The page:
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31 May 1996 Acoustic signature prediction of a combat vehicle using finite and boundary element methods
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The acoustic signature, i.e., the tonal peaks of the radiated noise spectrum, is important to the detectability and survivability of a ground combat vehicle. In the low frequency range below 200 Hz, the structure-borne noise radiation of the vehicle caused by excitation from its track and suspension, can be simulated by numerical models. The numerical simulation provides useful guidance to minimize the detectability through design modifications and countermeasures. A full vehicle finite-element structural model of the M1 Abrams tank was built with approximately 7,000 elements. The dynamic modal frequency response was computed using MSC/NASTRANTM with simulated force/moment input from the track and suspension. The output surface vibration velocities were then mapped on to an acoustic boundary-element model with coarser mesh of approximately 2,000 elements. The radiated far-field acoustic pressure was then computed on a 30 meter radius hemisphere using COMET/AcousticsTM. The numerical results were able to predict the unique fundamental tonal frequencies and some of their amplitudes for different vehicle speeds with reasonable correlation to the test data.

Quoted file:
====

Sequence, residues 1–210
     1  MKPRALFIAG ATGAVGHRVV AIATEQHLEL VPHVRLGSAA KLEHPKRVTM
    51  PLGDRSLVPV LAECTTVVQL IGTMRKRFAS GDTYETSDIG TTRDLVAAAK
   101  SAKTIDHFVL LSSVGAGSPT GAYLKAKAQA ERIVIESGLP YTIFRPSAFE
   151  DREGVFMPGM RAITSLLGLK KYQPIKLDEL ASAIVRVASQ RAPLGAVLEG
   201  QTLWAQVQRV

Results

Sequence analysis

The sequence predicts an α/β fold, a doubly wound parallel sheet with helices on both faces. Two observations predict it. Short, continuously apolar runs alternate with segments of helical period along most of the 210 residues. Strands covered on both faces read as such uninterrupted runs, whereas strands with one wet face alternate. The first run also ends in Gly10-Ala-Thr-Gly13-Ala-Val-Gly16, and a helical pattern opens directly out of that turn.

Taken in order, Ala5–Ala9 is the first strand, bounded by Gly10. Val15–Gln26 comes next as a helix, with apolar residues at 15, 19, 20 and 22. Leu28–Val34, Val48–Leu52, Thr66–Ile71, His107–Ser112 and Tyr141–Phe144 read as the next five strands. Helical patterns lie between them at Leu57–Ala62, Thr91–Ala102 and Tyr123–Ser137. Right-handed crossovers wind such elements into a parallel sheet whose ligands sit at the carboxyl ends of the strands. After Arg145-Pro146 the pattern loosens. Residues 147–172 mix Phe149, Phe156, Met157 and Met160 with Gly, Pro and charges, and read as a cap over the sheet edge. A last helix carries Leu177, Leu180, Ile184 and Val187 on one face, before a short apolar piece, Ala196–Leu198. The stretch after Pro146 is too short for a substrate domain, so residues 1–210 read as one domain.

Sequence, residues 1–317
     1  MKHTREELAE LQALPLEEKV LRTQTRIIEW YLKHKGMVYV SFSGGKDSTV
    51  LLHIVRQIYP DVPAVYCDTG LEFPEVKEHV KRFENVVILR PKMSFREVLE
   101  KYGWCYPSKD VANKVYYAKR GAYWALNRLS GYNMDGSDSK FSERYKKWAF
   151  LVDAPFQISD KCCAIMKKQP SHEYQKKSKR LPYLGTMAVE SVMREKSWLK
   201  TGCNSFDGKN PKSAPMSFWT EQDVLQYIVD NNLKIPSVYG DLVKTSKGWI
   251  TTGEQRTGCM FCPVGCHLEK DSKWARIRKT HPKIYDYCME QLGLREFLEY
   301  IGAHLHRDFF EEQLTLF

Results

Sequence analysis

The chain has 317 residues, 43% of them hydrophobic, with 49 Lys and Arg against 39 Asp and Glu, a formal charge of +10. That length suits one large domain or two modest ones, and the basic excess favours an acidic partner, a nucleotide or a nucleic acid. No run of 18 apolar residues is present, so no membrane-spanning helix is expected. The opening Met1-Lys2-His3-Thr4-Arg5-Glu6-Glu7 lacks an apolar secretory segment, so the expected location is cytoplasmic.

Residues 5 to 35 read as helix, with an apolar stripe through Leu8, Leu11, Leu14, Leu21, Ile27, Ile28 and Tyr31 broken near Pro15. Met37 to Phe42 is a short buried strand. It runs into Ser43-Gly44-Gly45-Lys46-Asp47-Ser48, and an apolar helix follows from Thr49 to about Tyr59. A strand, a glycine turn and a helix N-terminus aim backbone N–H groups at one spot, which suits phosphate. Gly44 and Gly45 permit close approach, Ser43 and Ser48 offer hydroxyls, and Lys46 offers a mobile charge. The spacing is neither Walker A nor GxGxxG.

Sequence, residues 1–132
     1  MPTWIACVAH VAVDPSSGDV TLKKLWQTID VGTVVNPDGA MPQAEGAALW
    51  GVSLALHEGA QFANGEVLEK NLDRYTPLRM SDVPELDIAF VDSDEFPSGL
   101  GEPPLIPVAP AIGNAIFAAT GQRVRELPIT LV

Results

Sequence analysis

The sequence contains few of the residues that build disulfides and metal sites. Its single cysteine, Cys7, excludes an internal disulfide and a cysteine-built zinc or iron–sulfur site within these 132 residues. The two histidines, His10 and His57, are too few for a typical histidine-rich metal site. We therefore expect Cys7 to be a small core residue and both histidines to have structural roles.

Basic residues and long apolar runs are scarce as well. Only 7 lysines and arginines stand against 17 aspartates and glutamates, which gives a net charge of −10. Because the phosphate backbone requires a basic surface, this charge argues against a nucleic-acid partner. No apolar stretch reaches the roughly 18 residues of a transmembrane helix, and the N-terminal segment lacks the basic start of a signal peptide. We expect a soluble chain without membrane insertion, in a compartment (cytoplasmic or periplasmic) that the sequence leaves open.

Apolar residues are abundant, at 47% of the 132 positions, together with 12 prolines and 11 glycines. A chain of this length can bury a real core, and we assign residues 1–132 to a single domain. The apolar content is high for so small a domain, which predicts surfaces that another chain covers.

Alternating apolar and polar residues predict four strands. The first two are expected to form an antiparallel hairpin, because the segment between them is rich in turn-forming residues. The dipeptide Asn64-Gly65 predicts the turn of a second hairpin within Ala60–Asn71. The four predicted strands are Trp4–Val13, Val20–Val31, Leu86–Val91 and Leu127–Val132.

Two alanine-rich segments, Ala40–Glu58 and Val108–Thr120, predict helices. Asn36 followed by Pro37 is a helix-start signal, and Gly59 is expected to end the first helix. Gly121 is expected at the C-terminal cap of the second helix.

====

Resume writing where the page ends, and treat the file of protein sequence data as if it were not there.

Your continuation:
© (1996) COPYRIGHT Society of Photo-Optical Instrumentation Engineers (SPIE). Downloading of the abstract is permitted for personal use only.
Zhen Wu and Edward Shalis "Acoustic signature prediction of a combat vehicle using finite and boundary element methods", Proc. SPIE 2715, Smart Structures and Materials 1996: Mathematics and Control in Smart Structures, (31 May 1996);


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